Part of Calm Down Dear, a three-week festival of innovative feminist performance.
Lily Levinson is tall with curly ginger hair. Maeve Campbell is short with dark hair. Maeve is a creative genius. Lily looks pretty good in a waistcoat. Sound familiar?
Using the stories of Simon & Garfunkel and Campbell & Levinson, Shades of Mediocrity proposes that the cult of genius excludes women. It’s a show inspired by feeling frustrated and lacking the confidence to contribute to artistic conversations. When Simon & Garfunkel reluctantly reunited in 1981, after a nine-year break, they performed in New York’s Central Park to 500,000 people, the largest concert audience the world had ever seen. Maeve and Lily would be happy to perform to 50 people.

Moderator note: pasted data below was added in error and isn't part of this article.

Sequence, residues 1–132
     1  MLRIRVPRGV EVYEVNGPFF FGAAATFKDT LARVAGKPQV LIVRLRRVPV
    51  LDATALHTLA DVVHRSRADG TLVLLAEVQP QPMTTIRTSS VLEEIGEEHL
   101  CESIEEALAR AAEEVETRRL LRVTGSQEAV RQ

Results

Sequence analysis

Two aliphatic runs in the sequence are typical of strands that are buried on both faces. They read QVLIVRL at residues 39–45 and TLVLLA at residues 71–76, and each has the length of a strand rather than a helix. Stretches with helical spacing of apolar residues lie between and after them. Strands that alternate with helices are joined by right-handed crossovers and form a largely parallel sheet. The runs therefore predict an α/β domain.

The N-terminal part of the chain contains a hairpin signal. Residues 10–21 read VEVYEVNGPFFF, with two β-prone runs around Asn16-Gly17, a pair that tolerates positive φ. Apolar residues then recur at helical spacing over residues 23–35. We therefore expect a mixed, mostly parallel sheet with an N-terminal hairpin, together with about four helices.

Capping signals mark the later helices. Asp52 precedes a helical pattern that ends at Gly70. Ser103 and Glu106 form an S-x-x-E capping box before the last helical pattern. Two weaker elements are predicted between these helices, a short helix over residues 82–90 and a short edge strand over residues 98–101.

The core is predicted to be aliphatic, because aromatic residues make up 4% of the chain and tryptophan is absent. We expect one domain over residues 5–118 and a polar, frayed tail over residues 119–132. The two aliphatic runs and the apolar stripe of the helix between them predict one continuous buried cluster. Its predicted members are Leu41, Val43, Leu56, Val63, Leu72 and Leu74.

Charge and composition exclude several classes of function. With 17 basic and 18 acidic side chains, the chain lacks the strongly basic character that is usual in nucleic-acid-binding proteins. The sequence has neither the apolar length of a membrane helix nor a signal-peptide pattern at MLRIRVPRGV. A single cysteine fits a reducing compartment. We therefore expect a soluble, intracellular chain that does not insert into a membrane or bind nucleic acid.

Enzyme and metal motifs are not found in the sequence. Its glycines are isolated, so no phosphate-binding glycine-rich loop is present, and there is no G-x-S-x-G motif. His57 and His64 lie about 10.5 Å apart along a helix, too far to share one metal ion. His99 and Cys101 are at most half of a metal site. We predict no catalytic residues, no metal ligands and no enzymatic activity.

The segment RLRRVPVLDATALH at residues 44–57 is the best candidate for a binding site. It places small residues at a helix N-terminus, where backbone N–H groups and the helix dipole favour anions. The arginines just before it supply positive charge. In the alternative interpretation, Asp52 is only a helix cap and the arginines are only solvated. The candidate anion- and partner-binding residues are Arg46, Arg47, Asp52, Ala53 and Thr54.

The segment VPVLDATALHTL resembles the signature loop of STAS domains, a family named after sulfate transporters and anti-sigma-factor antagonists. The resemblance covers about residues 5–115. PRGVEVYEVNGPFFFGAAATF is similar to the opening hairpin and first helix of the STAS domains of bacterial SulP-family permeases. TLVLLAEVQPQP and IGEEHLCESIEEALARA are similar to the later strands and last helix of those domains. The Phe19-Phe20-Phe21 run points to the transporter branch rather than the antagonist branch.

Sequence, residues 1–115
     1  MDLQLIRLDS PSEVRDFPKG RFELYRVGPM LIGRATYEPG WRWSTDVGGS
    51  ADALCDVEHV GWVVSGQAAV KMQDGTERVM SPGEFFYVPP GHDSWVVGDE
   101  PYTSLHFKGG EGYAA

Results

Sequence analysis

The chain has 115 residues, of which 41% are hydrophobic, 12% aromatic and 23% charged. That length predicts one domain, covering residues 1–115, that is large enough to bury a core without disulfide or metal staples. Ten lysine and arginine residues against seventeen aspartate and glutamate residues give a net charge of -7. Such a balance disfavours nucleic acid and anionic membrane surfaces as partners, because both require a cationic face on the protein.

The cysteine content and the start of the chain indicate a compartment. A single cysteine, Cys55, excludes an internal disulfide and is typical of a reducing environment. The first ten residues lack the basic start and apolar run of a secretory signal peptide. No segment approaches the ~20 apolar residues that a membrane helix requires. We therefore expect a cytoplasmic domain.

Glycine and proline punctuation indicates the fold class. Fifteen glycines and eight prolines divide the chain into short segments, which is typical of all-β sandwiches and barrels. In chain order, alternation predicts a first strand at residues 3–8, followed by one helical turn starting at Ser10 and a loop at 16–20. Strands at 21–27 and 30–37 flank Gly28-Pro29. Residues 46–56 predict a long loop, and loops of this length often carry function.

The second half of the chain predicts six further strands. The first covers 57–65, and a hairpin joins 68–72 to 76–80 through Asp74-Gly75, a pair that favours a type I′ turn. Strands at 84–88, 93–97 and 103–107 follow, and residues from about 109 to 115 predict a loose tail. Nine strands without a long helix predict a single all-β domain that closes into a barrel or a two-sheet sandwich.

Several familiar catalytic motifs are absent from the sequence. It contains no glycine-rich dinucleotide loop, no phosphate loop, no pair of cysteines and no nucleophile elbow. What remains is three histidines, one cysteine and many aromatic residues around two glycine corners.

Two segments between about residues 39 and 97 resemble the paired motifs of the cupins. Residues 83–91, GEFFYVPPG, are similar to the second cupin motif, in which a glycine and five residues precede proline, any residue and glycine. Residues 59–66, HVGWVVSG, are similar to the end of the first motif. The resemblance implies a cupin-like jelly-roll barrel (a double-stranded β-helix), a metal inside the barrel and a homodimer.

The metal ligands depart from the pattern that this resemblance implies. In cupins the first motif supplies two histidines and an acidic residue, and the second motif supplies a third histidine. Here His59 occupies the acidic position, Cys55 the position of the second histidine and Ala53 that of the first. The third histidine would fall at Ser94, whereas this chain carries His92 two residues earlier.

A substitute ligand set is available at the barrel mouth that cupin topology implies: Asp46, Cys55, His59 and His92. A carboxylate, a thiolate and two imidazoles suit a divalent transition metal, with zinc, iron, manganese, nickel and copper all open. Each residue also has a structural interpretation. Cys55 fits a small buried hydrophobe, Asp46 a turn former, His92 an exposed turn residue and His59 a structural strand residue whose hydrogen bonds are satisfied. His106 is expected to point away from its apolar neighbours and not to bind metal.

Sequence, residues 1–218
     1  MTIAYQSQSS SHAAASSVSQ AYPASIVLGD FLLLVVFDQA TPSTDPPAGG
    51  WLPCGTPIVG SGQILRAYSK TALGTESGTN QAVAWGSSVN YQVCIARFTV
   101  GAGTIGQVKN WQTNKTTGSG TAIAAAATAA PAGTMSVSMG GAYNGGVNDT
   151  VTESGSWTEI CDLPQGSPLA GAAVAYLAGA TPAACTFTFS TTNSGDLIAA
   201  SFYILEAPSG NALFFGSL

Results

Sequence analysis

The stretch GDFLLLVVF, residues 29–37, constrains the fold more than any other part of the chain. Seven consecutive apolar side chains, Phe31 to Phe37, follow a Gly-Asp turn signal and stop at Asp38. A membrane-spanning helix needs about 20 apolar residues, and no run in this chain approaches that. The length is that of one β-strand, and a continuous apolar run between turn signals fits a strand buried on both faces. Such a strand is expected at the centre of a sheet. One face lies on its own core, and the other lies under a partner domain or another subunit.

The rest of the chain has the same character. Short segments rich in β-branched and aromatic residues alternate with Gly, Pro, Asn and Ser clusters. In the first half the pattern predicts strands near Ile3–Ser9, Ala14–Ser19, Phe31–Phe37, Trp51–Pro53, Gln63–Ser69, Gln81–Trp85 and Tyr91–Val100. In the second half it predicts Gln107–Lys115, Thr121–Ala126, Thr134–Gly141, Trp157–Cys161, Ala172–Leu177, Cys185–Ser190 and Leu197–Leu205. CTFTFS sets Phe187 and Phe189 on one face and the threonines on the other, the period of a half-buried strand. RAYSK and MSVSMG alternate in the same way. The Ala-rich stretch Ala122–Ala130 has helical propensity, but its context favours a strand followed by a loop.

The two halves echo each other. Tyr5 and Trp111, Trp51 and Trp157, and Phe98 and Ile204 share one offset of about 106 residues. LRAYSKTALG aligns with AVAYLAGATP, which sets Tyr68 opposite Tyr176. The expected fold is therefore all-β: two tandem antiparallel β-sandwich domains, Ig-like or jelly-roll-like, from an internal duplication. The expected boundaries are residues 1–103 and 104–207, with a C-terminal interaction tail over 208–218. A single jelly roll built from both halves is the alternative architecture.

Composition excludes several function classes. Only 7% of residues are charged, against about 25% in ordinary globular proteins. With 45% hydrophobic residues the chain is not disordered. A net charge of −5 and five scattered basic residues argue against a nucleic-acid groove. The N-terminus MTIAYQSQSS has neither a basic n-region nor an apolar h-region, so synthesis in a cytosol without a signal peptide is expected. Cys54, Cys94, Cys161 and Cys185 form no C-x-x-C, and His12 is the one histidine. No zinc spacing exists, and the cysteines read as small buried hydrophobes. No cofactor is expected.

Shades of Mediocrity is about the compromises that women make in realising their artistic ambitions, and about making art with your friends. Lily and Maeve (Good Friends For A Lifetime) attempt lip-syncing, New York accents and juggling to examine the ways in which women artists present themselves to their (un)adoring audiences.